The year 2017 was the strongest year for SCHF, returning 25.83% on an annual basis. The poorest year for SCHF in the last ten years was 2018, with a yield of -14.39%. Most years the Schwab International Equity ETF has given investors modest returns, such as in 2016, 2010, and 2020, when gains were 2.88%, 8.6%, and 9.86% respectively.
|Fund||Initial Balance||Final Balance||CAGR|
A $10,000 investment in VOO would have resulted in a final balance of $36,575. This is a profit of $26,575 over 10 years and amounts to a compound annual growth rate (CAGR) of 14.45%.
With a $10,000 investment in SCHF, the end total would have been $17,089. This equates to a $7,089 profit over 10 years and a compound annual growth rate (CAGR) of 6.43%.
VOO’s CAGR is 8.02 percentage points higher than that of SCHF and as a result, would have yielded $19,486 more on a $10,000 investment. Thus, VOO outperformed SCHF by 8.02% annually.
Over the past years, I have discovered several tools and products that have helped me tremendously on my path to financial freedom:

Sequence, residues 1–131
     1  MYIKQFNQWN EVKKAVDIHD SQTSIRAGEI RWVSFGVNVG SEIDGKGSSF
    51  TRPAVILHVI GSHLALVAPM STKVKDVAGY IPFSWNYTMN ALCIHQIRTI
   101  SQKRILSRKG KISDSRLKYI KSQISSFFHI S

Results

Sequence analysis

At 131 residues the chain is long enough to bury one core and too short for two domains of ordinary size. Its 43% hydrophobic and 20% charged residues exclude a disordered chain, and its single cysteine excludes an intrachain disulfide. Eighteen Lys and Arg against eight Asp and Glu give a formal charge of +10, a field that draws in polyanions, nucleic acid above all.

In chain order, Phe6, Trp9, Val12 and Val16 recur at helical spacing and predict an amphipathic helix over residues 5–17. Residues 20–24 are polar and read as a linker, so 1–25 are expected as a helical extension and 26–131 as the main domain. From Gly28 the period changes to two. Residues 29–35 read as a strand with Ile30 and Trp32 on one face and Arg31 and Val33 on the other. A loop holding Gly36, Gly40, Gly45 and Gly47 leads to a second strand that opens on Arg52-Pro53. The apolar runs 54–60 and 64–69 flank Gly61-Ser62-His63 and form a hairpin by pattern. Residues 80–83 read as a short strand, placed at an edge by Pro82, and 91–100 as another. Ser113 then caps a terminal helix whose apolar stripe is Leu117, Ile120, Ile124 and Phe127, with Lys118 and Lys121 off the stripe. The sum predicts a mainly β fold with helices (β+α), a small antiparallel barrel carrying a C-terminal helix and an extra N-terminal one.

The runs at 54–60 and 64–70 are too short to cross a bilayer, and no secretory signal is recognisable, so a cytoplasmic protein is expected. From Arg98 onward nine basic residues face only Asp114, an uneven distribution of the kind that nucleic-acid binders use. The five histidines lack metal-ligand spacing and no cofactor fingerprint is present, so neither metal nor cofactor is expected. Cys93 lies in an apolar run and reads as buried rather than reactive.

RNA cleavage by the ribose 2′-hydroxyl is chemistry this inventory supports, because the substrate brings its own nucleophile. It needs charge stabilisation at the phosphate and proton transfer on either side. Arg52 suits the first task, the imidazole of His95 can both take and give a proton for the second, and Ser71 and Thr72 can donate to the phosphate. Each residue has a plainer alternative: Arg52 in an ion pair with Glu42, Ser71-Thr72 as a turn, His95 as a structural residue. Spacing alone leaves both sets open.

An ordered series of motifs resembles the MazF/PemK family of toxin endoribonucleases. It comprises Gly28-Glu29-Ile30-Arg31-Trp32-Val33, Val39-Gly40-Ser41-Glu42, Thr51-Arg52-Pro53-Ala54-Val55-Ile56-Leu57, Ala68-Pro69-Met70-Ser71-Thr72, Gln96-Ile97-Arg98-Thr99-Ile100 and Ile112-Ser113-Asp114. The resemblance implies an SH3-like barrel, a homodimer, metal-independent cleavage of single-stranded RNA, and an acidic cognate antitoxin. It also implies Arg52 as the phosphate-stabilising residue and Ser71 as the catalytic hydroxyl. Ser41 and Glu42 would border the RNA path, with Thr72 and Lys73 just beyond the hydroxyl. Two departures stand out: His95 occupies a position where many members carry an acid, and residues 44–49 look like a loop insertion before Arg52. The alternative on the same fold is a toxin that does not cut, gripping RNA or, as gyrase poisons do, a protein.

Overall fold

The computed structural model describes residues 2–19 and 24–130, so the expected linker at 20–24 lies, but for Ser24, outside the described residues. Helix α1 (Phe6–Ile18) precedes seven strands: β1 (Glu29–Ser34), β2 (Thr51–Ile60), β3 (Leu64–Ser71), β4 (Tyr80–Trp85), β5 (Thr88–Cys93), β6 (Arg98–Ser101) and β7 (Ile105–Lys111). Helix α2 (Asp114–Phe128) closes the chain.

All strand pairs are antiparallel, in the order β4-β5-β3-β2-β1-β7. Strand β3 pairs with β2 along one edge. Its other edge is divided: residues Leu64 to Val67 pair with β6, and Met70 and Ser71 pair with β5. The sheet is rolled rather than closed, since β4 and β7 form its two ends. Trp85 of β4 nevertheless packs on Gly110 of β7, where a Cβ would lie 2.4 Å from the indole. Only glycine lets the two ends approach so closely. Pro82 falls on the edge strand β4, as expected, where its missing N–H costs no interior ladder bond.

P.S.: The links below are affiliate links, which means I receive a small commission at no extra cost to you when you sign up for one of the services. Thank you for your support!
1)Personal Capital is simply the best tool out there to track your net worth and plan for financial freedom. Just their retirement planner alone has become an invaluable tool to keep myself on track financially. Try it out, it's free!
2) Take a look at M1 Finance, my favorite broker. I love how easy it is to invest and maintain my portfolio with them. I can set up automatic transfers, rebalance my portfolio with one click and even borrow up to 35% of my assets at super low interest rates!
3) Fundrise is by far the best way I've found to invest in Real Estate. You can diversify your portfolio by investing in their eREITs or even allocate capital to individual properties (without the hassle of managing tenants!).
4) Groundfloor is another great way to get exposure to the real estate sector by investing in short-term, high-yield real estate debt. Current returns are >10% and you can get started with just $10.
5) If you are interested in startup investing, check out Mainvest. I've started allocating a small amount of assets to invest in and support small businesses. Return targets are between 10-25% and you can start with just $100!
To see all of my most up-to-date recommendations, check out the Recommended Tools section.